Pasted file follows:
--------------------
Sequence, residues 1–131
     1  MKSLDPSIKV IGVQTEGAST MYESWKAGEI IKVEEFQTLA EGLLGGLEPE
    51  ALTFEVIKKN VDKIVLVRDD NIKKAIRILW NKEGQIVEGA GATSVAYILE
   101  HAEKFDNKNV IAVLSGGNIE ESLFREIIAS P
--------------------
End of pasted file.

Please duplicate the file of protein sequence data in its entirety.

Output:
Sequence, residues 1–131
     1  MKSLDPSIKV IGVQTEGAST MYESWKAGEI IKVEEFQTLA EGLLGGLEPE
    51  ALTFEVIKKN VDKIVLVRDD NIKKAIRILW NKEGQIVEGA GATSVAYILE
   101  HAEKFDNKNV IAVLSGGNIE ESLFREIIAS P